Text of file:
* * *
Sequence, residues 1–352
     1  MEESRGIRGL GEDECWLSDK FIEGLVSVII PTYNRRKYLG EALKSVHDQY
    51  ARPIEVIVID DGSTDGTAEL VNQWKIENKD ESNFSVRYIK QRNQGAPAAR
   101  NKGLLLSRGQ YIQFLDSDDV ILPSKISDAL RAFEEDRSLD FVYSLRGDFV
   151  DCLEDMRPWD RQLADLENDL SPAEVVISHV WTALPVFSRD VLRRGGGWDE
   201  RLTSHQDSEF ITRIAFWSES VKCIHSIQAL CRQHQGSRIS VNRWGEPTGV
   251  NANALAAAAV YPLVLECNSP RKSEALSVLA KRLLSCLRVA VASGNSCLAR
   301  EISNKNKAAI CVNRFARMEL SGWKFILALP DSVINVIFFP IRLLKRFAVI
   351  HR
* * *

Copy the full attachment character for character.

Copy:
Sequence, residues 1–352
     1  MEESRGIRGL GEDECWLSDK FIEGLVSVII PTYNRRKYLG EALKSVHDQY
    51  ARPIEVIVID DGSTDGTAEL VNQWKIENKD ESNFSVRYIK QRNQGAPAAR
   101  NKGLLLSRGQ YIQFLDSDDV ILPSKISDAL RAFEEDRSLD FVYSLRGDFV
   151  DCLEDMRPWD RQLADLENDL SPAEVVISHV WTALPVFSRD VLRRGGGWDE
   201  RLTSHQDSEF ITRIAFWSES VKCIHSIQAL CRQHQGSRIS VNRWGEPTGV
   251  NANALAAAAV YPLVLECNSP RKSEALSVLA KRLLSCLRVA VASGNSCLAR
   301  EISNKNKAAI CVNRFARMEL SGWKFILALP DSVINVIFFP IRLLKRFAVI
   351  HR